1999-12-20 - Do You Believe in Luck?
Ephesians 2:10 "For we are His workmanship, created in Christ Jesus for good works, which God prepared beforehand, that we should walk in them."
In the Holland a woman recently found over $10,000 in an envelope on the street. She was faced with a dilemma we all would face, turn it in, or keep it. She gave the money to the police and received a reward from the individual who had lost the cash. Several days later she won the lottery and collected an amount 4x the amount she had turned into the police (or about $40,000).
Did God reward her for her good deed? I think many of us would be tempted to respond, "Yes, one good turn deserves another, and God saw her good deed and re-paid her with a good turn in her favor." Let us not say this too fast. Let's deliberate and ponder a little.
Was the act of turning in the money really a good deed, or was it the right thing to do? We often give ourselves and others more credit than either of us deserve. To turn in the money was simply the right thing to do. It was, on her part, a moral act of honesty. There is really nothing that deserves merit when someone does what he or she should do. It is exactly what should be done and therefore it is expected.
This is not how the world works. It is however, how the world should work. Doing the right thing is not a common thing. That is why when a woman finds a huge wad of cash on the street and does the right thing, people take notice, and write about it. It is unusual. It is even rare, but it shouldn't be.
To go further and say that she won the lottery because she did a good turn is to really take things too far. Thousands of other people found money the very same day the woman in Holland did. Some turned it in and some kept what they found. There can be no correlation to luck or karma based on such events. Those who do not turn in large sums of money do not, a few days later, have horrible car accidents, experience a death in the family, or have their houses burn down. To think in terms of events happening in such a manner is a less than helpful way of understand God's providence.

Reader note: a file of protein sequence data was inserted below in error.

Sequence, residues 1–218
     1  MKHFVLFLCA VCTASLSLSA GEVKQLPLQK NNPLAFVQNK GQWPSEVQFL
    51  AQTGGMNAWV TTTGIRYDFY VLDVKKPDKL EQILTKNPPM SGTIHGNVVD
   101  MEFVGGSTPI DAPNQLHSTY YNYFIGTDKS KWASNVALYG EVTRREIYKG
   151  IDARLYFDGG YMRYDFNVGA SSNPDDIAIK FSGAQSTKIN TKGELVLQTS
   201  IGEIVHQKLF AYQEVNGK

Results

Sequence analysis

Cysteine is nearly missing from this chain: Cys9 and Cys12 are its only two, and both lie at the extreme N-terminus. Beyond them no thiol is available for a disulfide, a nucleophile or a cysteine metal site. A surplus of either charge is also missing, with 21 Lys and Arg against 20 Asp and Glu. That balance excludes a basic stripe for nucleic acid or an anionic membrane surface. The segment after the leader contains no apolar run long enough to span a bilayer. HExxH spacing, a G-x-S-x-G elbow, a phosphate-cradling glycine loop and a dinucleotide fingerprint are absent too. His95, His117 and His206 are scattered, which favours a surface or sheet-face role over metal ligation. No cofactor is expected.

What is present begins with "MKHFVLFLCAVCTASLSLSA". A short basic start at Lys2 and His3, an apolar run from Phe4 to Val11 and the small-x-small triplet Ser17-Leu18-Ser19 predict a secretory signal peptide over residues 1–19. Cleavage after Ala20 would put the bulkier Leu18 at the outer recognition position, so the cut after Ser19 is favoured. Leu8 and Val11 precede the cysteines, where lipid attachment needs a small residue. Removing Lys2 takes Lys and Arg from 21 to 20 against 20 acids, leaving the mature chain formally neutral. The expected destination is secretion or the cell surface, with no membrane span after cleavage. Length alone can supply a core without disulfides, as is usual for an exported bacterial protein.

Many of us are in a season of good will. Many of us are being extra kind, and trying to remain cheerful amidst the hustle and bustle of all that tends to go on this time of year. Good deeds, healthy attitudes, fluid joy, and the such are principles that flow out of a walk with Christ. But we must be careful not to focus on the kindness and forget the person behind our ability to be kind. We cannot practice deeds of righteousness and divorce ourselves from the One righteous person Jesus Christ. Works apart from Christ are nice, but have little eternal meaning.
It is the person of Christ, the One who has been kind to us, the One who has loved us when we were/are unlovable, who gives us the ability to be kind, joyful, and to celebrate with those whom we love and who love us. I used to see the expression, "Jesus is the reason for the season," in years past, and I am sure it is out there this year even though I have yet to see it. But let us remember that in this season of kindness, joy, peace, and love--There is One who has been supremely kind to us, there is One who gives us reason to have Joy, there is One who has brought peace between us and God the Father, there is One whose love to us has been unmatched. Yes, Jesus is the reason for all our seasons.
Soli Deo Gloria,